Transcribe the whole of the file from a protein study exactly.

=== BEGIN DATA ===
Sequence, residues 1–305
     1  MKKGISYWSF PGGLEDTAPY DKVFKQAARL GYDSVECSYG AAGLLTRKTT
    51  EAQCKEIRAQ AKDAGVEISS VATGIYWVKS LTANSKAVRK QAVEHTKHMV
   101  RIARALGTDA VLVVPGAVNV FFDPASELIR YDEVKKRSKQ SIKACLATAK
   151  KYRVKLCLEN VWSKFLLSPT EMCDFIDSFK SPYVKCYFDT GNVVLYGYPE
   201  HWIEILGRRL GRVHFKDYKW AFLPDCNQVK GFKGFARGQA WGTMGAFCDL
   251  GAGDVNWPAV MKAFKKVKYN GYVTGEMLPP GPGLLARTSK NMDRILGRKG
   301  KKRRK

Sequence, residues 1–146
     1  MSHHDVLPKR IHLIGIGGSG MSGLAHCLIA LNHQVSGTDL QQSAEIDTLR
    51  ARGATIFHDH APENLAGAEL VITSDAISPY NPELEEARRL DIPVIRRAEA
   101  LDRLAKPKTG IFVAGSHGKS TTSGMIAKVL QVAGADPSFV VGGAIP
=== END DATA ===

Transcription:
Sequence, residues 1–305
     1  MKKGISYWSF PGGLEDTAPY DKVFKQAARL GYDSVECSYG AAGLLTRKTT
    51  EAQCKEIRAQ AKDAGVEISS VATGIYWVKS LTANSKAVRK QAVEHTKHMV
   101  RIARALGTDA VLVVPGAVNV FFDPASELIR YDEVKKRSKQ SIKACLATAK
   151  KYRVKLCLEN VWSKFLLSPT EMCDFIDSFK SPYVKCYFDT GNVVLYGYPE
   201  HWIEILGRRL GRVHFKDYKW AFLPDCNQVK GFKGFARGQA WGTMGAFCDL
   251  GAGDVNWPAV MKAFKKVKYN GYVTGEMLPP GPGLLARTSK NMDRILGRKG
   301  KKRRK

Sequence, residues 1–146
     1  MSHHDVLPKR IHLIGIGGSG MSGLAHCLIA LNHQVSGTDL QQSAEIDTLR
    51  ARGATIFHDH APENLAGAEL VITSDAISPY NPELEEARRL DIPVIRRAEA
   101  LDRLAKPKTG IFVAGSHGKS TTSGMIAKVL QVAGADPSFV VGGAIP